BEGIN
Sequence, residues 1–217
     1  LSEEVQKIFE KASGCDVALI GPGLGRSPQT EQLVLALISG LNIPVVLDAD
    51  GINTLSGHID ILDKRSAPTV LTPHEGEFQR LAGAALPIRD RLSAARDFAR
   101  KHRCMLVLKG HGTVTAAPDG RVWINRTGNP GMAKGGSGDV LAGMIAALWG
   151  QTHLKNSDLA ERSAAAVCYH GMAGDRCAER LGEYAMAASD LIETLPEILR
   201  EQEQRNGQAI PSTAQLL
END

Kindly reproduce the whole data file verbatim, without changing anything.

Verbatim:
Sequence, residues 1–217
     1  LSEEVQKIFE KASGCDVALI GPGLGRSPQT EQLVLALISG LNIPVVLDAD
    51  GINTLSGHID ILDKRSAPTV LTPHEGEFQR LAGAALPIRD RLSAARDFAR
   101  KHRCMLVLKG HGTVTAAPDG RVWINRTGNP GMAKGGSGDV LAGMIAALWG
   151  QTHLKNSDLA ERSAAAVCYH GMAGDRCAER LGEYAMAASD LIETLPEILR
   201  EQEQRNGQAI PSTAQLL